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Tanzania: Prisons, Turkish firm in farming partnership

President Jakaya Kikwete surveys a well cultivated pineapple farm at Kiwangwa area in Bagamoyo, Coast Region. (Photo: IPP)
Daily News | 7 November 2014

Tanzania: Prisons, Turkish firm in farming partnership

A TURKISH agriculture firm, Tarbim will invest billions of shillings to establish a modern rice farm at Tanzania Prisons Bagamoyo farm.

Tanzania Prisons Commissioner General, John Minja, said they have already signed an agreement with Turkish firm which is due to start work this year.

“They are currently mobilising resources including importing farm equipment to start work,” Mr Minja said. He said the department has huge plot of land which is not fully utilised in Bagamoyo.

Mr Minja said they have also signed memoranda of understanding (MoU) with Wazo hill based Twiga Cement for the extraction of lime for cement manufacturing, Government Employees Pension Fund for the construction of shopping malls at Kihonda in Morogoro and Karanga in Moshi.

“We have also signed MoUs with Tanzania Breweries Limited for cultivation of barley at Isupilo in Iringa, Mollo in Rukwa,” he noted.

The Commissioner General further noted that in a bid to become self reliant, the Force is seeking private investment to exploit its vast natural resource potential.

“We want to strengthen our economic production activities under Magereza sole proprietor,” he argued.

He said the force has surveyed and obtained title deeds for all of its land in the country with clear land use plans for their mandatory custodian of prisoners services while the other part will be used commercially.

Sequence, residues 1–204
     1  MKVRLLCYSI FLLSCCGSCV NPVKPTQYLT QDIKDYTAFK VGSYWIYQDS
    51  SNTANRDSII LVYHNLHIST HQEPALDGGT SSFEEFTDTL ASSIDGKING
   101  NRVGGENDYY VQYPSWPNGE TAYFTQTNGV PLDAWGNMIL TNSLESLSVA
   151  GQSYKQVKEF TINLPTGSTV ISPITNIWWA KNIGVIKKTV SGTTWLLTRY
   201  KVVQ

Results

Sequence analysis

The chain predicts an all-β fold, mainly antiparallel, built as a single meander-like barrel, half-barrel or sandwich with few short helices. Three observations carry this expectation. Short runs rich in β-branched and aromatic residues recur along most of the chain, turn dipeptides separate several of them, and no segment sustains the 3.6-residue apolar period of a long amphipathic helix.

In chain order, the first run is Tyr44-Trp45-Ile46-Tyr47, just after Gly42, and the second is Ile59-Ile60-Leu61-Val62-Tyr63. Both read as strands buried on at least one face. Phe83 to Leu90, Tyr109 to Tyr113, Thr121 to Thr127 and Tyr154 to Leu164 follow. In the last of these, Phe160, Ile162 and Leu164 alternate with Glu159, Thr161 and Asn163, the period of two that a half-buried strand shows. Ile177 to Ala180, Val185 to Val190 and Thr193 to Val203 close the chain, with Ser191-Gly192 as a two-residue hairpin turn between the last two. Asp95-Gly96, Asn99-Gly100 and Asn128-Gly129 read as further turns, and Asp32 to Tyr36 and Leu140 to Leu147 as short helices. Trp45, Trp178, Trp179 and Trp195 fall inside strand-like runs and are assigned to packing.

University of Dar es Salaam senior economic lecturer, Dr Haji Semboja, challenged the Tanzania Prisons to exploit its vast potential and stop relying of Treasury subventions.

“You should wean yourself from depending on government subsidies to existing because you have both the land and human capital to do so,” said Dr Semboja while addressing senior prisons and government officials discussing a National Prisons Policy.

Dr Semboja’s observation was backed by retired Inspector General of Police, Saidi Mwema who dared Minja to ignore critics and make a decision to work with the private developers.

“We have done so at Oysterbay police barracks despite attracting criticism and resistance,’ Mr Mwema said. He pointed out that the force has a huge and efficient construction section which erected Kilwa road police quarters residential flats.

“If we have done it with the little resources that the Police force has what about you with the vast potential which you have,” Mr Mwema argued.

Currently, Magereza sole proprietor company has 23 projects in agriculture, livestock keeping, manufacturing, tailoring and mining which need capital to exploit fully and make profit.

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